The main house wasn’t in the best of shape, but I was eager to bring this country remnant from the past back to life. And now listening to the rain on the roof, relaxing on the long deep porches, or sitting within the whitewashed stone walls, under the planked ceilings it was home.
I watched the tree branches waving slowly in the early morning breeze, the play of light glinting off the creek. Sitting in the Adirondack chairs, I realized this house was the only thing I’ve ever really planned in my life. I spent months and months deciding every move that would be made. I hadn’t spent half that much time, figuring out what I wanted to do with me.
Once you have a family, you have responsibility you can’t just quit work and do what you want. You still have to earn a living. With a child to put through college, I had to be practical. I should want what I’m good at, what I can make money at. That would be the easy course.
Allie found me in my contemplative state, sipping tea. Margo says I need to hydrate, to get ready.
“We did a good job out here,” she said, plopping down beside me.
“Yea, this part is mostly your work.”
Allie came by almost every day when I first bought the house, painting, scraping and scrubbing. I ran out of ideas when it came to the garden, so she took over. She put the plan together. I hardly knew the names of any of the plants. She had been the one at Grandma’s side helping in the garden.
We sat for a while in silence.
“What did you want to be when you were a child?” I finally asked.
“Malibu Barbie,” she replied without hesitating. “You?”
“I don’t know.”
“I’ve been thinking maybe I should start my own property management company.”
“You should, everyone says you should,” Allie agreed.
“I just don’t feel it’s enough.”
It was enough until a few weeks ago. Why doesn’t it seem to be enough anymore? So I’m sick, that doesn’t mean I still don’t have forever, does it?
Charlie was ensconced in the little back room he’d converted to an office. There was floor to ceiling bookshelves, a large desk, three computers and stereo equipment that made me wish we’d sound proofed before he moved in. I was itching to make it my next project, but he had me swear not to touch it when he’d first moved in. There were boxes in there whose contents hadn’t seen the light of day since he was in college, but now were off limits to me. I should never have made that promise. How long after you’re married do you have to wait before you break a promise?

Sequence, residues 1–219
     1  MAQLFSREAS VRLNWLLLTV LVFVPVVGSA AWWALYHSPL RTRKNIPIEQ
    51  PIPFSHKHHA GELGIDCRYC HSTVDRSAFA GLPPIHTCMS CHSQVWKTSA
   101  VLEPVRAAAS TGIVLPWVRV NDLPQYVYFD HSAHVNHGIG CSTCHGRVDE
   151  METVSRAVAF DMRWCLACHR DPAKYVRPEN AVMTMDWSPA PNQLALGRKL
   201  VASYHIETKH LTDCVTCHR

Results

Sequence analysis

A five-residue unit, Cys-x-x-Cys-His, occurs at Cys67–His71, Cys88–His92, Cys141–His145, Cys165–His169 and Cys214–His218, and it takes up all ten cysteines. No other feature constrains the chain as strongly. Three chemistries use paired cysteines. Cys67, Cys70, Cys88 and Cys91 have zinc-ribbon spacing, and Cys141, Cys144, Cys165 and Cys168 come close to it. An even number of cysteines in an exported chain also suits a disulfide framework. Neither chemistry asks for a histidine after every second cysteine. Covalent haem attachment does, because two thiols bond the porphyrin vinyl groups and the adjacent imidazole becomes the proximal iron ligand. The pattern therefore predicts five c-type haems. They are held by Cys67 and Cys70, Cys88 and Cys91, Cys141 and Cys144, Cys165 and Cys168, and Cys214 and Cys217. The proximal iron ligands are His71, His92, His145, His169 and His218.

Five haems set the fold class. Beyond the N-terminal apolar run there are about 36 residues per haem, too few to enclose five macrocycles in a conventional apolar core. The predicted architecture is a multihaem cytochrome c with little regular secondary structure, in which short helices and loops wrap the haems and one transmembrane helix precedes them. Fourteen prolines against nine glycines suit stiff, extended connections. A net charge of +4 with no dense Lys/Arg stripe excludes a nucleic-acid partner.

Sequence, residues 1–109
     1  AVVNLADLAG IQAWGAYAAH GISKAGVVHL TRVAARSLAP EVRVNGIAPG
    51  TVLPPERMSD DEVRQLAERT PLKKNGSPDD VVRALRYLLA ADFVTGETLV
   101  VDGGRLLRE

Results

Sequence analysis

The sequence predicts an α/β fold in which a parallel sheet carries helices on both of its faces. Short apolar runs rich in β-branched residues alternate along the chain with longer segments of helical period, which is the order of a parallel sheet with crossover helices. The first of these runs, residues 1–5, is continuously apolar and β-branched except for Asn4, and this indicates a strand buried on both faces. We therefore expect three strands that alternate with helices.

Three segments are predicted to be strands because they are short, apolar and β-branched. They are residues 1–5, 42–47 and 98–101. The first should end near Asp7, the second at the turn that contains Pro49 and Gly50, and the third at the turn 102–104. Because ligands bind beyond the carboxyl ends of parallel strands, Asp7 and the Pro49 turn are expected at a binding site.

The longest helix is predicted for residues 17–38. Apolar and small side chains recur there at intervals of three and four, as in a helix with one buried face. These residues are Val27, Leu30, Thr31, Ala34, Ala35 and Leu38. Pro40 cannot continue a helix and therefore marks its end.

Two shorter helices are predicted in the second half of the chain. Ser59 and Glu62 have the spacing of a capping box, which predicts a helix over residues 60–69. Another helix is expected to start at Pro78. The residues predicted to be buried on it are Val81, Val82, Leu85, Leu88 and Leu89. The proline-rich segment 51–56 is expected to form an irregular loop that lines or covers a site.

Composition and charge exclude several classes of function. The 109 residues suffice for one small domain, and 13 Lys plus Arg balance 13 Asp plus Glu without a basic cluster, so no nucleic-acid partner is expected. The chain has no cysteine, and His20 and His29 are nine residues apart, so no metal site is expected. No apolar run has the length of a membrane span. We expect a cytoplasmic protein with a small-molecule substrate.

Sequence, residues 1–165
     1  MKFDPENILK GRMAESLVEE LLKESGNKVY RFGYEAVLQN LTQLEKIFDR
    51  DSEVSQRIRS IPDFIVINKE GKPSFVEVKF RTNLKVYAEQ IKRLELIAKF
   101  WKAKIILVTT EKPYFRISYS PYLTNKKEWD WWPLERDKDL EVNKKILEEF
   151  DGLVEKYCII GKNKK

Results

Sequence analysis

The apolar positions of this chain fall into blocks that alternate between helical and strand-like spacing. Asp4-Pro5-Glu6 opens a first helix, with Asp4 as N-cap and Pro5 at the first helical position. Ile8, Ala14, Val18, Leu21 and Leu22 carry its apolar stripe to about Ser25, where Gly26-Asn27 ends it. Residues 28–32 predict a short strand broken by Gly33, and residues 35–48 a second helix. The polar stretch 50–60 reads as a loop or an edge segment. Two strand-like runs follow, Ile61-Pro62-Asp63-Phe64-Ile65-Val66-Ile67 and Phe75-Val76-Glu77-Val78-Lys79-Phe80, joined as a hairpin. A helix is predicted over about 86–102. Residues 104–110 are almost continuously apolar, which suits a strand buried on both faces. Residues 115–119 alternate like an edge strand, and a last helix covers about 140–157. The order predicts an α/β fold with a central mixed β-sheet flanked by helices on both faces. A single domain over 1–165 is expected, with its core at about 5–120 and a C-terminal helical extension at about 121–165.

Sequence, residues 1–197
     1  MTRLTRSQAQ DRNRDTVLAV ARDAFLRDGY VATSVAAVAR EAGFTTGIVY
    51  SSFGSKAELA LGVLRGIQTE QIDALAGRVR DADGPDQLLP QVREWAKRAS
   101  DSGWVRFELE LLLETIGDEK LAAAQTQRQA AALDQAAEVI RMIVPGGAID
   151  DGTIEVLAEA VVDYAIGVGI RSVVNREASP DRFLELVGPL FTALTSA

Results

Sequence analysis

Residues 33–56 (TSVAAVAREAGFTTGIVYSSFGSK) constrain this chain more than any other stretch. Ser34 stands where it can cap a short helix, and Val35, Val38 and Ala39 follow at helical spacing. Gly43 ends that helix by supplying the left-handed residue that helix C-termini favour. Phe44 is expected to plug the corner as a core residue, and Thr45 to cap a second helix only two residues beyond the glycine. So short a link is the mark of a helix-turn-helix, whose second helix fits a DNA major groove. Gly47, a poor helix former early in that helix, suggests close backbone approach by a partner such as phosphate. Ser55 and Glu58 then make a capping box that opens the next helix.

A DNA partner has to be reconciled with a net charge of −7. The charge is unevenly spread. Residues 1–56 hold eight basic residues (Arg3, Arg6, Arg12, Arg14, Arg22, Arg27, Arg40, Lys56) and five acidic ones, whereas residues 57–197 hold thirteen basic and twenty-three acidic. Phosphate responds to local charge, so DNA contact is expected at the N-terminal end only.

It had been a little over three years since Charlie first rang my doorbell. He was the new youth minister. The youth group had been meeting in my house since my son, Logan was nine.
The attraction wasn’t instant for either of us. Whenever I was around he seemed to be explaining lawn maintenance. I had a lawn service, why did I need to marry one?
Our friends were always trying to set us up. Finally, I asked him out for coffee to shut them up. We met at a little coffee shop. He was discussing black hole theories. I realized he was smarter than I thought.
He explained how that affected his theory of predestination, whether God already knows if you’ll choose Christianity. Then I realized he was smarter than me.
After that we started seeing a lot more of each other. I hadn’t intended to remarry after one failed attempt. But when I looked into his eyes, there was an intensity there I’d never seen anywhere else. I was captivated by him, his intellect and his sense of purpose. We were married less than a year after we began dating.
I have to tell Charlie. But what am I going to say? Hey Charlie, we’ve only been married for a year and I have an illness that’s probably terminal. I need you to stop what you’re doing and play nursemaid. How’s that fair?
The end of the year program was held at the school. It was the same red brick building I’d gone to all of my childhood, K through twelve all in one building with the high school upstairs. Before I was in high school, I longed to ascend those stairs but grade school students weren’t allowed upstairs.